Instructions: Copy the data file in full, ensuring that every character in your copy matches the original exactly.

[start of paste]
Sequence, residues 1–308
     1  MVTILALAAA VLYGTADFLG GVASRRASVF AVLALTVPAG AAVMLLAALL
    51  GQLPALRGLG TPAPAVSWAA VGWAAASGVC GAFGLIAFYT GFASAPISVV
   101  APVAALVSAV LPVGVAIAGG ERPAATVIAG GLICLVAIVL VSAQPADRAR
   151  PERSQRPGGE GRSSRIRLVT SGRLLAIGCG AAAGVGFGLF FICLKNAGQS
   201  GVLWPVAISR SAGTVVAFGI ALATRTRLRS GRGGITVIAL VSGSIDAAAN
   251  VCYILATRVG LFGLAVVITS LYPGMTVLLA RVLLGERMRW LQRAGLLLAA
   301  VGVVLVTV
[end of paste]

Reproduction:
Sequence, residues 1–308
     1  MVTILALAAA VLYGTADFLG GVASRRASVF AVLALTVPAG AAVMLLAALL
    51  GQLPALRGLG TPAPAVSWAA VGWAAASGVC GAFGLIAFYT GFASAPISVV
   101  APVAALVSAV LPVGVAIAGG ERPAATVIAG GLICLVAIVL VSAQPADRAR
   151  PERSQRPGGE GRSSRIRLVT SGRLLAIGCG AAAGVGFGLF FICLKNAGQS
   201  GVLWPVAISR SAGTVVAFGI ALATRTRLRS GRGGITVIAL VSGSIDAAAN
   251  VCYILATRVG LFGLAVVITS LYPGMTVLLA RVLLGERMRW LQRAGLLLAA
   301  VGVVLVTV